the Clean Air Act and democracy

I am certain that global warming is a serious problem. By regulating carbon dioxide emissions, the Environmental Protection Agency may ameliorate the damage a bit. However, I don’t dismiss the arguments of the dissenting conservative justices in the recent global warming decision, Massachusetts v. EPA.

A responsible blog post would be based on my careful reading of the majority opinion and the dissents, relevant portions of the Clean Air Act, the best current commentaries, and a famous law review article by Cass Sunstein about the Clean Air Act (Michigan Law Review, 1999). Despite good intentions, I can see that I’m not going to pull that off. Instead, here is a simplified argument:

1) Major decisions in a democracy should be made by the elected branches of government. Legislatures are accountable, they are deliberative, they can balance costs and benefits across the whole federal budget, and they can choose among all constitutional remedies to a problem. For example, to address global warming, Congress could enact carbon taxes, import/export taxes, cap-and-trade regimes, tax credits, or regulations on producers or consumers.

2) However, Congress has a tendency to duck the tough decisions by writing deliberately vague statutes. For example, I am aware of a section of the Clean Air Act that empowers the EPA to set ambient air quality standards at levels “requisite to protect the public health” with “an adequate margin of safety.” No amount of air pollution has zero potential impact on safety or health. “Adequate” safety means some amount of risk that’s greater than zero–but not too much. That’s not a scientific or technical judgment; it’s a value-judgment about what level of safety is worth the cost. Congress avoids making such value-judgments, because then it would be responsible when some people suffer–or even die–from whatever pollution is left in the air. Congress would also be directly responsible for the financial cost of any regulation. Instead, it passes the responsibility to EPA, which can then be blamed for both the costs of a regulation and the environmental harms that are left over. Unfortunately, EPA lacks democratic legitimacy, and it can only regulate (not tax or take other actions). Regulation may be a highly inefficient response to global warming.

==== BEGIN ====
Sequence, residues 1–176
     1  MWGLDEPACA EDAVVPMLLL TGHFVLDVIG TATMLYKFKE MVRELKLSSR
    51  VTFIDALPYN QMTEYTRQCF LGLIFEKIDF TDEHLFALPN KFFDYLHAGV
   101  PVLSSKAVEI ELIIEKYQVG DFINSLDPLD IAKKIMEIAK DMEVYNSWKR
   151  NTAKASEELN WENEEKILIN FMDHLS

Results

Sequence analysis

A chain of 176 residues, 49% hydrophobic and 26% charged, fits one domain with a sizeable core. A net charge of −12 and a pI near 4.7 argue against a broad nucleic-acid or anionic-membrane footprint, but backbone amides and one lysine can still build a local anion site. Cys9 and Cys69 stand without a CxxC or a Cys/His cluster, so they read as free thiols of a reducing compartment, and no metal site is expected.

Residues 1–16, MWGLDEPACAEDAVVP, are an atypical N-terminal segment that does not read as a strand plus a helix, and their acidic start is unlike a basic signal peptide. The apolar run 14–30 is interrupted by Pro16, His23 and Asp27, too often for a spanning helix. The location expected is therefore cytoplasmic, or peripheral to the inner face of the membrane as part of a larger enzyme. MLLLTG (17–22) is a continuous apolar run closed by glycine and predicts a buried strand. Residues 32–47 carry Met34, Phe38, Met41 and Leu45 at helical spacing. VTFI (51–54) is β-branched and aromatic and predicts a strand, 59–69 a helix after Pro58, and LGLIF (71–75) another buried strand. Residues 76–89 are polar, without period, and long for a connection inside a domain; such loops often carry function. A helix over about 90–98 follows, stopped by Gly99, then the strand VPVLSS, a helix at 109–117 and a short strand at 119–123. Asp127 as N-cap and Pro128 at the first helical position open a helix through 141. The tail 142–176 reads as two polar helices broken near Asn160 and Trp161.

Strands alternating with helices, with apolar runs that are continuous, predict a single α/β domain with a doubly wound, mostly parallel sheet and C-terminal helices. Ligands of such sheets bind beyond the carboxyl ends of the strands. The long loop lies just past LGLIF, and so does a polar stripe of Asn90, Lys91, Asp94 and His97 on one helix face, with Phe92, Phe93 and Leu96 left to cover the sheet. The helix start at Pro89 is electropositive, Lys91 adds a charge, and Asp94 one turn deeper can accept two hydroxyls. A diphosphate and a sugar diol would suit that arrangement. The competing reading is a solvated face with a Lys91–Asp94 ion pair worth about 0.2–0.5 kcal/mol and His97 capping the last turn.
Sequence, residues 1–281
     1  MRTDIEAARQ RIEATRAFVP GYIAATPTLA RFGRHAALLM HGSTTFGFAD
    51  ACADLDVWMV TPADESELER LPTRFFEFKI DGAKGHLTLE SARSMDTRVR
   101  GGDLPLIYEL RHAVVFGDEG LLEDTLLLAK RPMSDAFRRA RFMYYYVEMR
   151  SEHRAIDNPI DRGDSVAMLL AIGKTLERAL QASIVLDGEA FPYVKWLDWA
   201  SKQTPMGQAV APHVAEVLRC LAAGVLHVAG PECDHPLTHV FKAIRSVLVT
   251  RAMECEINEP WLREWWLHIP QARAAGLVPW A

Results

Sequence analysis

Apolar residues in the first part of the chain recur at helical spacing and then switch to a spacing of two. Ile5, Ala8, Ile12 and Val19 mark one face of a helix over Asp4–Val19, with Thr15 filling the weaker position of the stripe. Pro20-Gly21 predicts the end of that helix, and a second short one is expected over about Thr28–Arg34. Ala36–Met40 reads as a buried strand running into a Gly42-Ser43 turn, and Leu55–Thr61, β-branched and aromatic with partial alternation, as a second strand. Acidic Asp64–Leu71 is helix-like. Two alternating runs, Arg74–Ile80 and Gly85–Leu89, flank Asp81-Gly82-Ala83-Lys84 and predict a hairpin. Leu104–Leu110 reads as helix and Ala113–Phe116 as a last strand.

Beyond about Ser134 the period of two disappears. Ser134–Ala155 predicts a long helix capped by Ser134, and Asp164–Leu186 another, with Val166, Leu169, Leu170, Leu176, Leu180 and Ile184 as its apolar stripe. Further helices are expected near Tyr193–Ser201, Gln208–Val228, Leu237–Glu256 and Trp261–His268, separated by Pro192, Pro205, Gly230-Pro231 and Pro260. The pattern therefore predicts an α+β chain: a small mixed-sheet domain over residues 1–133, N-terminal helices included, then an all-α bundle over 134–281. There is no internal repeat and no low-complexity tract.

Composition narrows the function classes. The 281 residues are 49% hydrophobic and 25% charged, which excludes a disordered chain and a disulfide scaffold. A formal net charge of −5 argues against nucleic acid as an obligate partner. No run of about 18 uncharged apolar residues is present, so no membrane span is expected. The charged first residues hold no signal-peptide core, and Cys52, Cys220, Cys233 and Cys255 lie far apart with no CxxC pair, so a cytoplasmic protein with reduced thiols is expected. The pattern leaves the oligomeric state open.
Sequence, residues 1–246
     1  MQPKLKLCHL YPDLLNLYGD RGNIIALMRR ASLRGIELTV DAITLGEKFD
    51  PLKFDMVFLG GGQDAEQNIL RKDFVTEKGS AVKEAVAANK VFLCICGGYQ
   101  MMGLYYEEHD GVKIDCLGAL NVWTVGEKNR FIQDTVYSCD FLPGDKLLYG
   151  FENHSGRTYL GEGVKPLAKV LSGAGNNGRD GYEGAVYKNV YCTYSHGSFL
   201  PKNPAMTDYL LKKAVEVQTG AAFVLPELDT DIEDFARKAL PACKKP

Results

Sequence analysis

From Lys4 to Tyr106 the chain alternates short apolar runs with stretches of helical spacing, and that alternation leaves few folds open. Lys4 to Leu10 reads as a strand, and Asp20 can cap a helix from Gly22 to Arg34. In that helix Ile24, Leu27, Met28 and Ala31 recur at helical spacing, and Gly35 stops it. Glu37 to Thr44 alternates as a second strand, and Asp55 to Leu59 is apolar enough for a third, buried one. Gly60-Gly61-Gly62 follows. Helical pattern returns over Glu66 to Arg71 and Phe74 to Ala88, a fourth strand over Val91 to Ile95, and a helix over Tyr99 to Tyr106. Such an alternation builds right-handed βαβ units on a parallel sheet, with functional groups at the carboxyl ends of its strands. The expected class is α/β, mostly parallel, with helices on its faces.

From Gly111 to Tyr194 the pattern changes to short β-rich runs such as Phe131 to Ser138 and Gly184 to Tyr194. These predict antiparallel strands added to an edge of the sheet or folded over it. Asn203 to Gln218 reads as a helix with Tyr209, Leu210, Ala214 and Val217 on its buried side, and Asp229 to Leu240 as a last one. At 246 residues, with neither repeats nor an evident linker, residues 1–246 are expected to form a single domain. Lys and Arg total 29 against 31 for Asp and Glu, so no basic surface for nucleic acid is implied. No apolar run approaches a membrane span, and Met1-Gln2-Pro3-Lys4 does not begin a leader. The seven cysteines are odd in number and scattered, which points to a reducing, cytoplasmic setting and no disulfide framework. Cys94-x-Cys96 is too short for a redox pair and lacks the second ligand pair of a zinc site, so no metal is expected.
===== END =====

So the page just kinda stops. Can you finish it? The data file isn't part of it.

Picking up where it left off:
3) When the EPA or other regulatory agencies fail to deliver adequate policy, it is tempting to sue them. But then a court’s judgment substitutes for that of a legislature. Courts lack democratic legitimacy, expertise, and the ability to impose such policies as taxes or cap-and-trade systems. They are set up to hear cases and controversies between parties; they are not good at balancing one person’s interests against the common good. For example, they are not responsible for the overall budget, so they cannot decide whether a decision that has costs to the government is worthwhile, all things considered.

Thus the only really satisfactory solution is for Congress to pass laws on global warming. Massachusetts v EPA will actually be counterproductive if it lets Congress off the hook or allows Congress to delay.

Jamison Colburn argues that the case is not very significant, anyway. “What it comes down to is this: if EPA is going to refuse to regulate greenhouse gas emissions as ‘air pollutants’ under the Clean Air Act, and it chooses to do so in some discrete ‘agency action,’ it must do so on better grounds than the (lame) argument that the statute wasn’t enacted with the specific intent to regulate greenhouse gases or similar calamities. That is all it comes to, though.” If Colburn is correct, then populist/democratic concerns about judicial activism are misplaced–but only because the court didn’t do much at all.